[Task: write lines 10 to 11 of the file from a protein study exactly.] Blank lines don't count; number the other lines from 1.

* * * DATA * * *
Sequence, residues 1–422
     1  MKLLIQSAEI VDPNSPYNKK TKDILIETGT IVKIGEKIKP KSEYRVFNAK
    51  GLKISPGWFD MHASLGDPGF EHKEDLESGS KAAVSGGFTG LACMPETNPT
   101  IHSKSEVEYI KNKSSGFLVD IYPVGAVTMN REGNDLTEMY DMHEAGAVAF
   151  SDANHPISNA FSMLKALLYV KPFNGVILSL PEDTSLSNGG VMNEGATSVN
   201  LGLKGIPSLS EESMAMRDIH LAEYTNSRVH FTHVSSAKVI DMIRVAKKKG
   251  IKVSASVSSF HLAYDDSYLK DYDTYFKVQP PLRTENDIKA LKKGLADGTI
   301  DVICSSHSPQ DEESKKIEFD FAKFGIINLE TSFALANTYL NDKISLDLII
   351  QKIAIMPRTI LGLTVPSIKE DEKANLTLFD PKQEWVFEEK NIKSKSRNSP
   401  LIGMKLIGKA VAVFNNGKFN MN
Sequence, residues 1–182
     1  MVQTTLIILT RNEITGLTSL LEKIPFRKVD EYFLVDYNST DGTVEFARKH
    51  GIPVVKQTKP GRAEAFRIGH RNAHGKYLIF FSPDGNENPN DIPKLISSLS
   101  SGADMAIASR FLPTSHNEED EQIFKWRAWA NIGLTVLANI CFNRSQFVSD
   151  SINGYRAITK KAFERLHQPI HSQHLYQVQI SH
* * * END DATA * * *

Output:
   401  LIGMKLIGKA VAVFNNGKFN MN
Sequence, residues 1–182